Contractor group pushes state, local access to GSA schedules
Proposal would let lower levels of government use pre-negotiated homeland security contracts.
State and local governments should have access to General Services Administration schedules for homeland security and disaster-related purchases, a private sector advisory group said Friday.
States and localities should be able to take advantage of the federal government's buying power, the group said, because they bear a significant share of the burden of responding to homeland security threats and natural disasters.
Since passage of the 2002 E-Government Act, state and local governments have had access to the GSA Federal Supply Schedules for information technology purchases. They've bought almost $100 million in IT goods and services off the schedules since May 2003, according to GSA.
The Acquisition Reform Working Group, a coalition of 11 organizations representing companies active in federal contracting, made the recommendation as part of a package of 2006 legislative proposals.
"ARWG believes that these units of local government should have the authority to voluntarily take advantage of all of the buying leverage that the federal government already has achieved through the GSA schedules program," the reform proposal stated.
Alan Chvotkin, senior vice president of the Professional Services Council, one of the groups behind the proposal, said the recommendation grew in part out of the post-Katrina contracting environment. Under Federal Emergency Management Agency procedures, state and local governments have the bulk of purchasing responsibility, but they don't have access to the same contract schedules that federal agencies do.
The GSA schedules would provide a convenient listing of potential contractors for state and local agencies, according to Chvotkin. The pricing information contained in the schedules, representing a ceiling from which governments might choose to negotiate down, could be a useful tool for market research, he said.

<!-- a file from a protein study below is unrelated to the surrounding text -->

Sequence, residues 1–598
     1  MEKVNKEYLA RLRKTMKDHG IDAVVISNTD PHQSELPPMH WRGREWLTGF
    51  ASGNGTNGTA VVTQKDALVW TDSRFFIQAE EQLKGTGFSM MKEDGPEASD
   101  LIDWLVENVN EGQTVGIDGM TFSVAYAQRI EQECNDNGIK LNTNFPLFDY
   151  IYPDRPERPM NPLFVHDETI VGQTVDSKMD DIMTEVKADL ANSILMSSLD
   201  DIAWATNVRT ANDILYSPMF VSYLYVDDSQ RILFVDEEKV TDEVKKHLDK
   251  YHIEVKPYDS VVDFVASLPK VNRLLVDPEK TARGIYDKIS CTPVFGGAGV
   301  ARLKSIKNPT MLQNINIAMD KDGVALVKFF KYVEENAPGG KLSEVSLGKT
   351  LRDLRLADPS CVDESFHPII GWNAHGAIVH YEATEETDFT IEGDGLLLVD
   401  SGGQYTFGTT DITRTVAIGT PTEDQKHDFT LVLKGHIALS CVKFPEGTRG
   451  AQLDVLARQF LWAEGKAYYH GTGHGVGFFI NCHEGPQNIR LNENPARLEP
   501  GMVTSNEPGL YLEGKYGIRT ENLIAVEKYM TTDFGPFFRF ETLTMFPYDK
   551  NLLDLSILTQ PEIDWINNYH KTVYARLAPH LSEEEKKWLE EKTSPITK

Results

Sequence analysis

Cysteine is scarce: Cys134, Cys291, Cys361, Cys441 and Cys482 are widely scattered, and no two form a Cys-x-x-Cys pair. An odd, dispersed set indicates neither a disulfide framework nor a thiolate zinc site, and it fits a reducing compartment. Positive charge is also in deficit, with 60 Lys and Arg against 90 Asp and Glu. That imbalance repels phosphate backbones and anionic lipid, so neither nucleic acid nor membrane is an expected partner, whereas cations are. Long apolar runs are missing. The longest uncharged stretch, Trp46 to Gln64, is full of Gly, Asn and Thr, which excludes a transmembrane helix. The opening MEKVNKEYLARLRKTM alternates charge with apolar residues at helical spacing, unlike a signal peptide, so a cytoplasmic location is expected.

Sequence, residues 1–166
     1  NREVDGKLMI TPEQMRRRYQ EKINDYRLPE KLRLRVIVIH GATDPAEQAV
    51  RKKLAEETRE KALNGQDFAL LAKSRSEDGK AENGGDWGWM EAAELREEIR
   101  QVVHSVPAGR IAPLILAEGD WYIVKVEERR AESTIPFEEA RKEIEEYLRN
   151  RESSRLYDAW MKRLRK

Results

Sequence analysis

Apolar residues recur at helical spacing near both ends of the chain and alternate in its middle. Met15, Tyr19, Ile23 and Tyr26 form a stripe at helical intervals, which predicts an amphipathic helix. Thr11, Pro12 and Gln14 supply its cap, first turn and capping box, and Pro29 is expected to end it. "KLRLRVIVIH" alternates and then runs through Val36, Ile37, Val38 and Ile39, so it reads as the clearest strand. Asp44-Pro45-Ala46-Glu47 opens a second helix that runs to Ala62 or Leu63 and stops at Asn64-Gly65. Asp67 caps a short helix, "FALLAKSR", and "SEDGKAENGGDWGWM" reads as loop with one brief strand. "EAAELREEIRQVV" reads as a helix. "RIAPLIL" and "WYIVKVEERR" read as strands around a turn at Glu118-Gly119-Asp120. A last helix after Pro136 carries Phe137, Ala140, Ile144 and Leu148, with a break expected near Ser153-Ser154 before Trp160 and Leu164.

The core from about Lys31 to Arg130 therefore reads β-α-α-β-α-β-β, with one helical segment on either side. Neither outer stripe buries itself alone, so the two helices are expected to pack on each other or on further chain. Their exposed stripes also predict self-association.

Chvotkin said the loudest opposition to cooperative purchasing has been from the pharmaceutical industry, which offers better prices to the federal government than it does to states. He said IT purchases were a good place to lay the groundwork for the arrangement in 2002, and is hopeful of finding support in Congress to incrementally expand on that now.
Robert White, a spokesman for Rep. Tom Davis, R-Va., said a bill Davis sponsored in Congress last year, the Acquisition Systems Improvement Act, already contains language that expands cooperative purchasing to address acquisitions related to a terrorist attack. Adding the industry groups' disaster-related language is "certainly something that we would consider carefully," White said.
A GSA spokesman said the agency does not comment on legislative proposals.
Angela Styles, former head of the Office of Federal Procurement Policy and now a government contracts attorney at the Washington law firm Miller and Chevalier, has mixed opinions on expanding cooperative purchasing arrangements.
"GSA's focus should be on the federal government, and they're obviously having some trouble with that," she said, referring to declining revenues and possible personnel cuts. "If they get it right on the federal government side, then absolutely, it makes sense to open up to cooperative purchasing [with state and local governments]."